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Solstice: What it is & Why it’s Significant

Here and there, if you’re following a certain type of crowd (you know the type, those like us who love all things Universe and are all about the +vibes we exchange here on earth and beyond) – yes, if you are in the mix with those kind of beings and things of that nature – it’s more than likely you know about the solstice, or have at the very least seen it being mentioned.

For all of us who wish to have a refresher or a quick brief, here it is broken down into two segments – textbook explanation and spiritual significance:

 

Let’s begin with the standard definition of “Solstice.”

 

What is it?

“A solstice is an astronomical event that occurs twice each year as the Sun reaches its highest or lowest excursion relative to the celestial equator on the celestial sphere. The solstices, together with the equinoxes, are connected with the seasons. In many cultures the solstices mark either the beginning or the midpoint of winter and summer (*hence, ‘midsummer night’).

The word solstice is derived from the Latin sol (sun) and sistere (to stand still), because at the solstices, the Sun stands still in declination; that is, the seasonal movement of the Sun’s path (as seen from Earth) comes to a stop before reversing direction.

…The summer solstice (*also simply called June solstice) marks the day when the sun appears highest in the sky. However, in the tropics, the sun appears directly overhead (called the subsolar point) some days (or even months) before the solstice and again after the solstice, which means the subsolar point occurs twice each year.” (wikipedia)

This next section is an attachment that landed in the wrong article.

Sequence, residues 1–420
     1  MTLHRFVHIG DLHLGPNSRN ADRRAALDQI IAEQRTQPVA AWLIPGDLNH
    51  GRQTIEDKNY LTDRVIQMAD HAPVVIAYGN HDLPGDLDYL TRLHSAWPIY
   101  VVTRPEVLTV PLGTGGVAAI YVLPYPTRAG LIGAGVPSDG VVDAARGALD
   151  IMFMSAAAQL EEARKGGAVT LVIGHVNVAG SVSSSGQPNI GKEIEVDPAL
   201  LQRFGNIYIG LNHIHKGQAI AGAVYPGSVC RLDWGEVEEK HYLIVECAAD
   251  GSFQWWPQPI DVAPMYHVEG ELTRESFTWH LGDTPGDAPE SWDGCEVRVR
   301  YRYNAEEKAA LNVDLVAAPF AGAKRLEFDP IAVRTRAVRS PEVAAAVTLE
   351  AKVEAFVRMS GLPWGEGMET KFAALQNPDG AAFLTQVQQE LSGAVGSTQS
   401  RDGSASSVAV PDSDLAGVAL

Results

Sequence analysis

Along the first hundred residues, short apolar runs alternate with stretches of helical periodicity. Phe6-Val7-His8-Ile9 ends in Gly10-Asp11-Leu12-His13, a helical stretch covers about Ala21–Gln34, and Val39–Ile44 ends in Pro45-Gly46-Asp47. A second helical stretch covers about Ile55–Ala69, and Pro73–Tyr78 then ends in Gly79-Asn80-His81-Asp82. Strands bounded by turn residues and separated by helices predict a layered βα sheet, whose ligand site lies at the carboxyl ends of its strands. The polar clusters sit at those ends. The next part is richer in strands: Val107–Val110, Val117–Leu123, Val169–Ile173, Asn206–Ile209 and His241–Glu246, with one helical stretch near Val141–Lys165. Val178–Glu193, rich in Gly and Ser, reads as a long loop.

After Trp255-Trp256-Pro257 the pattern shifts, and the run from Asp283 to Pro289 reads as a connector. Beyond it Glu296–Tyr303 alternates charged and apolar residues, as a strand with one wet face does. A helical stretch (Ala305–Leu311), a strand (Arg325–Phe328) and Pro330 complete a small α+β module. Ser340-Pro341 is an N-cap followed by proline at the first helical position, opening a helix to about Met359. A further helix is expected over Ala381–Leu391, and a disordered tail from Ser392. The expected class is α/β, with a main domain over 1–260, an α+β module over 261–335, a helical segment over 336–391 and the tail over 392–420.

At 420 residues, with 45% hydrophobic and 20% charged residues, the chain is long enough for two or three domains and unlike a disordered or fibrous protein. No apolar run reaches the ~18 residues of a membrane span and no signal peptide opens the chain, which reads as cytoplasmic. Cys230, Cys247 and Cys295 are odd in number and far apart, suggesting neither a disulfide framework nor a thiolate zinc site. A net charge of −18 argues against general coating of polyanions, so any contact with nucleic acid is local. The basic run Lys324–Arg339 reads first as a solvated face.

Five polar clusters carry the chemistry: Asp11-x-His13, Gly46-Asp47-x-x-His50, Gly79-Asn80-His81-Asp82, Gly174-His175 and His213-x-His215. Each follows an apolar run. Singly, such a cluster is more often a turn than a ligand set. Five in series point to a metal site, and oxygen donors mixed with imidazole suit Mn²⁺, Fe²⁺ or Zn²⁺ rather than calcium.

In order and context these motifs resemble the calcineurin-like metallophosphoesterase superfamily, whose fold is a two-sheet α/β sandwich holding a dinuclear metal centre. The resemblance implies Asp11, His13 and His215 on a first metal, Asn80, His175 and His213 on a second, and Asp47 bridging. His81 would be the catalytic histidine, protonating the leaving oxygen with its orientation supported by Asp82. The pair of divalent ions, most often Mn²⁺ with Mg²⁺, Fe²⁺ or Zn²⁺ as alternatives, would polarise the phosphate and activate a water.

This year’s solstice, considered the first day of summer in the Northern Hemisphere, is at 12:38 p.m. on June 21.

Animation of changing sun angle at solar noon in Washington, D.C. (Seasons and Ecliptic Simulator, adapted by CWG)

“The animation above shows how changes in Earth’s position around the sun affect the amount of light in each hemisphere, as well as the angle of sunlight reaching the ground. On their website, you can change your latitude to see how the height of the sun varies in each season.”  (Washington Post)

 

Now that you have a better idea of what it’s all about in technical form, how about the fun stuff – simplified and magical!

 

Why is it Significant?

The June solstice is the longest, sunniest day of the year. Because of this, it stands as our tipping point from where here on out the days get shorter and the nights get longer.

For those of us who enjoy the beauty and magic of nature, this holds great spiritual significance and calls for a means of celebration!

Since the ancient times, all around the world people have celebrated this beautiful moment; the turning of the wheel of the year. It is a time of renewal – representing the death and birth of life, light and the very nature of our existence. Here and now, we celebrate – opening ourselves up to the resonating vibrations of the Universe and holding frequency so that we may attune ourSelf for more conscious living.

Whether in small private gatherings, or larger community rituals, with prayer and altars in sacred spaces – all are joining together to witness this spectacle. There are very large international gatherings as well. Stonehenge (dating back to between 3000-1500 BCE), with its main axis aligned to the solstice sunrise, is one of the world’s most popular sacred sites for the occasion.

A few years ago reportedly over 35 THOUSAND gathered here.  BBC’s coverage of that event included an interview “with those who appreciate the solstice the most: ‘We believe it is very important for people to move with the cycles of nature, and actually feel them. If you get up early in the morning and you watch that special sunrise, you’ve been a part of it. The rest of the year is shaped by that. And we think it’s a really healthy thing to do, and a very spiritual thing to do.’”

It is evident that with so many cultures and ethnicities celebrating and having celebrated this break of dawn over the course of time – from ancient Roman celebrations of Vesta to feast days in many cultures – that there is certainly something special here.

For those of us here and now, today, and every day to come – may we be open to the changes of the turning of the wheel, and enjoy the vibes.

 

Sending you all so much love, light & cosmic buzz.

 

See you in the stars…

 

xx

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